A number of scripts on my system are relying on lynx which in turn can't pass through my proxy. More specifically, lynx successfully picks up the global proxy settings except the user id and password fields, suggesting to use -pauth on the command line instead:

lynx -pauth=proxyuserid:proxypass

Which I can't easily do because lynx is called indirectly. But then how should I do it, to apply these settings globally, for all lynx invocations? A configuration file -- couldn't find anything about proxy authorization. A bash shell wrapper under the same name lynx invoking the actual lynx with -pauth - somehow I can't make it work.

Update. I have environment variables fully describing proxy, e.g. http_proxy=http://userid:pass@proxyserver:port from which Lynx correctly reads off the proxy server and port correctly, but not the user/pass fields for some reason (unlike wget for example).

Therefore, I'm now using a lynx wrap script as follows:

/usr/bin/lynx -pauth=${envproxy:7} "$@"
  • Please add more details to your question. How are the scripts called and how is lynx called from the scripts? How is PATH set for the scripts that call lynx. Maybe wget or curl could be used instead of lynx. – Bodo Feb 20 at 11:57
  • The CHANGES files indicates "accept userinfo in a URL, subject to override by -auth option or -pauth options. According to RFC-3986, this is deprecated, but testing shows other clients support it -TD" -- have you tried the http :// user:pw@url syntax? – Jeff Schaller Feb 20 at 12:12
  • indeed, parse_authentication() appears to look for a colon to delimit a password. – Jeff Schaller Feb 20 at 12:14

Replacing lynx with a wrapper script will work if the scripts/programs call lynx without specifying the path, so the system will search it in the directories listed in variable PATH.

You have to find out where lynx is located, e.g. by typing type lynx.
I assume it might be /usr/bin/lynx.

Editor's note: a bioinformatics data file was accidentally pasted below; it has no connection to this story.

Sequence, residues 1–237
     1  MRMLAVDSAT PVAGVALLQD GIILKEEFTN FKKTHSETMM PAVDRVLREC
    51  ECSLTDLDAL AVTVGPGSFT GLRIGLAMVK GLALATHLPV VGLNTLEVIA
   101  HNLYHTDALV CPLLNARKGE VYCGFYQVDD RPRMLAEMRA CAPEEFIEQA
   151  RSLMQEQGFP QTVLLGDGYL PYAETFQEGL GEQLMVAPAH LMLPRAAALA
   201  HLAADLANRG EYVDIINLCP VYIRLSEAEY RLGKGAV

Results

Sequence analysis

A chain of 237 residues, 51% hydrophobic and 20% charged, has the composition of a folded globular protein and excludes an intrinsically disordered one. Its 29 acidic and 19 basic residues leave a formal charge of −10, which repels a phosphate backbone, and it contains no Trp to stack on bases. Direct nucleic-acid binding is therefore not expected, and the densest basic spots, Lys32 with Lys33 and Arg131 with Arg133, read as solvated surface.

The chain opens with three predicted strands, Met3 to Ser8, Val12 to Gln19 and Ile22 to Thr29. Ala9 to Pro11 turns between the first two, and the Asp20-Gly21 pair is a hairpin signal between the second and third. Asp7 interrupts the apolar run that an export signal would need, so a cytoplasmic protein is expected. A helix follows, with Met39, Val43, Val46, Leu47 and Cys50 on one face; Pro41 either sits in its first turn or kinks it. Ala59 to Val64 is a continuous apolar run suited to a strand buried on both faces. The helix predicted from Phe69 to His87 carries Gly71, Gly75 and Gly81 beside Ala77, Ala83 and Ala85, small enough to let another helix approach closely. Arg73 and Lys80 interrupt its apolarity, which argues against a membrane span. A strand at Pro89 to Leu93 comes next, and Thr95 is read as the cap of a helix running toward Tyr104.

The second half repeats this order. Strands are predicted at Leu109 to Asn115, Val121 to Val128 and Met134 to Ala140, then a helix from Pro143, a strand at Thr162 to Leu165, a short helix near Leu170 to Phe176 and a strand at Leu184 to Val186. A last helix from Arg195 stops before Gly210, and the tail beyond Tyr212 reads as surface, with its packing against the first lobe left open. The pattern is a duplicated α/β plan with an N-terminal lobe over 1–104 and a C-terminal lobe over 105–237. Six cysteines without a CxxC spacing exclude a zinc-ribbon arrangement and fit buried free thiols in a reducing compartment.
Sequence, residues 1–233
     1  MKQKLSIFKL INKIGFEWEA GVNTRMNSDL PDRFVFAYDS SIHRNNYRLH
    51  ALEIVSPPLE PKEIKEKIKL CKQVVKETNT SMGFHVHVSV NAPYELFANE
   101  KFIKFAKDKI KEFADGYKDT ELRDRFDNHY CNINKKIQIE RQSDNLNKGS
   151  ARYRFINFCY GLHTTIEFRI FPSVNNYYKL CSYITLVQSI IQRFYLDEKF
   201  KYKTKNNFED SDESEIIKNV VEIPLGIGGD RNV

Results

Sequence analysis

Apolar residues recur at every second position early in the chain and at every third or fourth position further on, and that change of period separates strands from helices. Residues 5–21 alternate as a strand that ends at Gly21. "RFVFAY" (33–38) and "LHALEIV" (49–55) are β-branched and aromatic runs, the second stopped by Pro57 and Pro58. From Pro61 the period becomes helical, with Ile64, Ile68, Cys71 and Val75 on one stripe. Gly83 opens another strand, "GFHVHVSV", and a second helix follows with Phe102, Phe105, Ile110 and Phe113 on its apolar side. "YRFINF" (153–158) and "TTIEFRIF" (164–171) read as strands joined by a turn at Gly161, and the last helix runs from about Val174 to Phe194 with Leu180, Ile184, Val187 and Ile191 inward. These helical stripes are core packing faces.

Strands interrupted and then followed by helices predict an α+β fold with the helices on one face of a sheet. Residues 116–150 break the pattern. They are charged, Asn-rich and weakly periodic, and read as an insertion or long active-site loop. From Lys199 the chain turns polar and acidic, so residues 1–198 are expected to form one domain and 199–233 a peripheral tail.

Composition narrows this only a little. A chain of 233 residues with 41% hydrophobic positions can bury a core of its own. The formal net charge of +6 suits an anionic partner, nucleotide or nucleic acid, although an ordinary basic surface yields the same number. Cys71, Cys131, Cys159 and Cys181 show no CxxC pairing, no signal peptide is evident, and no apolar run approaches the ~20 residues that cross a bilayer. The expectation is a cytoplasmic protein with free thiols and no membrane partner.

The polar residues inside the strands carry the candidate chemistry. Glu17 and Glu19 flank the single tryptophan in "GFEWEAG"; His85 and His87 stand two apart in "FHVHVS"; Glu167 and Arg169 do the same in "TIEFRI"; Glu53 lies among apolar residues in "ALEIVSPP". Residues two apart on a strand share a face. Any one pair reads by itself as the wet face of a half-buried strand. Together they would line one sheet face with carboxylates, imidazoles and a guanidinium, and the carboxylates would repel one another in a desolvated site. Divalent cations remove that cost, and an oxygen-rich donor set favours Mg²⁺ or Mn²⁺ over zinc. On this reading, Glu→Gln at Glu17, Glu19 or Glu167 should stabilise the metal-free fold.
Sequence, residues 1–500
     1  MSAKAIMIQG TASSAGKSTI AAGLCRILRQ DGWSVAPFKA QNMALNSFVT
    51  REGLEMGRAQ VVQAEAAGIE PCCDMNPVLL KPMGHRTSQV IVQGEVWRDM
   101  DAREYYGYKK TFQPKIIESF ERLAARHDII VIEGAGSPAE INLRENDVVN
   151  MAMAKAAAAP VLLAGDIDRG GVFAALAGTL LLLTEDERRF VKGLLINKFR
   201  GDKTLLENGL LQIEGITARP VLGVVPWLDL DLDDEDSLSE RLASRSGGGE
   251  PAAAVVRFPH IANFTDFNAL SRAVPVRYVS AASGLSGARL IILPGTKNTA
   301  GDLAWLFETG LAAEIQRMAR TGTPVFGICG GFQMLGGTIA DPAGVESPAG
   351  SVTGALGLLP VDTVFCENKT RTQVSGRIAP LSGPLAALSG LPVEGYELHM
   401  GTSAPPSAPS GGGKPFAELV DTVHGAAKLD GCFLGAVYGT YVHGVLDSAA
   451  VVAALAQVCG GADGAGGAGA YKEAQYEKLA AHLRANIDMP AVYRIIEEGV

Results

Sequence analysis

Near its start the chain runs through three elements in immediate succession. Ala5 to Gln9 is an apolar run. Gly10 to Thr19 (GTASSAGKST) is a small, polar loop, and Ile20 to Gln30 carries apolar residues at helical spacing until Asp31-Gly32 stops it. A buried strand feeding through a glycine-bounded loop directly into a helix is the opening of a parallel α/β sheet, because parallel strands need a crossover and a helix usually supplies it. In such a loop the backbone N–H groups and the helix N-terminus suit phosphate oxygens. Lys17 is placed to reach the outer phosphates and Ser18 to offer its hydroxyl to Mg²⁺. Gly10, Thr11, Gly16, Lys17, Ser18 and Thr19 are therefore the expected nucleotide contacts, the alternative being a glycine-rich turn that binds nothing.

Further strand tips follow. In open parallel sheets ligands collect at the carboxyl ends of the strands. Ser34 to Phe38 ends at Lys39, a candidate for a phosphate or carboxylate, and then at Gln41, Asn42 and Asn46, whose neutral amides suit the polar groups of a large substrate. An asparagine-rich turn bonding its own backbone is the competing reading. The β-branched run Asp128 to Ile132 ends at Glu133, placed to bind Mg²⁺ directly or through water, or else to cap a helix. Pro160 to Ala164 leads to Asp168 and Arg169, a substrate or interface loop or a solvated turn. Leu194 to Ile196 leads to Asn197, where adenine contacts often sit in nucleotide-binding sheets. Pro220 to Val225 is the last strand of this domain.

The variable PATH for the scripts/programs that call lynx must have a different directory (e.g. /usr/local/bin) before the location of lynx (e.g. /usr/bin). If this is not the case you might have to extend PATH.


Assuming your PATH is set to


You could extend it with


in one of the startup scripts that set PATH for the scripts/programs. How exactly you can do this depends on how these scripts/programs get called.

Then you could create a shell script /usr/local/bin/lynx like this:

#! /bin/sh

# Here you could do what is needed to get the user name and password for the
# proxy authentication and use these instead of hard coded values.

/usr/bin/lynx -pauth=proxyuserid:proxypass "$@"

When a script/program wants to execute lynx foo bar it will find your script /usr/local/bin/lynx before it would find the "real lynx" in /usr/bin/lynx.

The script will then call /usr/bin/lynx -pauth=proxyuserid:proxypass "foo" "bar".

Of course you can use a different location instead of /usr/local/bin.

This wrapper script solution will not work if the script/program executes lynx with specifying a path like /usr/bin/lynx foo bar. In such a case you could rename /usr/bin/lynx to e.g. /usr/bin/lynx.real and create a script /usr/bin/lynx that calls /usr/bin/lynx.real in the same way.

  • Thank you so much, your script works. Could you review one little modification that I've come up to? The script should ideally obtain the credentials from the environment variable (since lynx fails to do that by itself). This seems to work: envproxy=${http_proxy%@*} /usr/bin/lynx -pauth=${envproxy:7} "$@" – rych Feb 25 at 7:35
  • @rych Please add this to the question and show how variable http_proxy looks like. Instead of specifying an offset with ${envproxy:7} it might be better to specify a pattern with ${envproxy#pattern} – Bodo Feb 25 at 9:11
  • thank you @Bodo: I've updated the OP. I'm curious whether there is a one-liner extracting the credentials substring. And of course, why lynx can't read those fields off the environment variable by itself. – rych Feb 26 at 12:56

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